Hustle & Flow

At various points in Fade to Black, last year’s stellar concert film documenting Jay-Z’s sold-out show at Madison Square Garden, Jay breaks away from the concert buildup to provide some background information. He goes back through some of the recording process for his last LP The Black Album. In one outstanding scene, he visits megastar producer Timbaland in his Miami Beach studio, to dig up some inspiration. Planted behind his keyboard, Timbaland test-drives some of his recent creations for a decidedly less-than-impressed Jigga-man.Then comes the plaintive synth loop that will eventually become “Dirt on Your Shoulders.”Jay’s eyes start to glow like a madman’s and his “Rain Man”—his term for the flow he conjures up when the right beat drops—comes out. It’s a memorable and highly entertaining example of the creative process at work.

In its best moments, the new fiction film Hustle & Flow taps into this frenzied energy. The story of a Memphis flesh-hustler crossing over into rap, Hustle and Flow gets so much of the rhythms and feel of the Dirty South right, it can be forgiven for its occasional missteps.Terrence Howard stars as DJay, a northside pimp fed up with, as he puts it, “trying to squeeze a dollar out of a dime.”He meets up with Key (Anthony Anderson), a court recorder who longs to open his own studio.Before long, they’re stapling egg cartons to the walls of D-Jay’s henhouse for a little ghetto soundproofing.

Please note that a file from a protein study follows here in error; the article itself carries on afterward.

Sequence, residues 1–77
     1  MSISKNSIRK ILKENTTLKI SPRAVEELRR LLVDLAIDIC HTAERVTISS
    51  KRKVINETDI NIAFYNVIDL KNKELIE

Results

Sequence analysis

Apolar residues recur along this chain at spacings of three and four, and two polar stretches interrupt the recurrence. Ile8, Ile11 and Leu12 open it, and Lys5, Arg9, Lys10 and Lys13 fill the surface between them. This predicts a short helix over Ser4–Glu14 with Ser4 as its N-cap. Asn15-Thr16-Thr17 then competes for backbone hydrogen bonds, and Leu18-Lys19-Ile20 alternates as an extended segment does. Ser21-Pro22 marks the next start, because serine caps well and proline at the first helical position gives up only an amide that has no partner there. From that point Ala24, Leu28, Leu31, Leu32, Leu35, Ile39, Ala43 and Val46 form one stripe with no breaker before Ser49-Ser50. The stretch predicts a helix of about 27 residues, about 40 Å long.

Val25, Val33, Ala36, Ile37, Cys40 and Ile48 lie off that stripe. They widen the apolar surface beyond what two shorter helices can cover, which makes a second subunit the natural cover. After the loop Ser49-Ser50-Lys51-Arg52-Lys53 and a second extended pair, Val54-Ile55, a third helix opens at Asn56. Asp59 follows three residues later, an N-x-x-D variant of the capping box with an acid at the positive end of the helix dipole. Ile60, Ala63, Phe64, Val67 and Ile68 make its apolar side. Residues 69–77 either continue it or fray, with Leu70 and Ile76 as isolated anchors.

As DJay, Howard gives an explosive performance.He’s coiled and hungry, exhausted by his life on the street but not afraid to resort to the old hustle when his back’s against the wall.He steels himself for meeting Ludacris’ Skinny Black, a former Memphis thug turned crunk sensation, the way he would any trick. Neophyte director Craig Brewer, a Memphis native, pushes the gritty, grimy, sweat-stained fabric of his hometown to the forefront. Reflective of the film’s roots in blaxploitation, Brewer hits a couple of 70s filmmaking beats, like the freeze-frame opening with the copyright year stamped beneath the title.

The film balances its seriousness with humor, a credit to the gifted performers in the supporting roles. A career comedian with a lifetime’s worth of unfunny movie appearances (Malibu’s Most Wanted, Kangaroo Jack), Anderson is toned down here.Taryn Manning (8 Mile) plays a vulnerable white hooker whose relationship with DJay grows in terms of respect and trust as the movie progresses.As pregnant hooker Shug, Taraji P. Henson has a wide-eyed sweetness; her reaction upon singing the hook in their first track is heartbreaking.The film’s details are rendered realistically, but it’s not above breeziness with respect to street cred—the nerdy white pianist (DJ Qualls) Key brings in to make beats turns out to have the most innate hip-hop sensibilities of all of them.

With a ferocious lead performance and a beat-heavy soundtrack, Hustle &Flow has a number of things to recommend it.While it slips into sentimentality occasionally, the film seems aware that, at heart, it’s basically a Rocky for the hip-hop underclass.The beauty of Hustle & Flow is that it manages to be so much more than that as well.

Jesse Paddock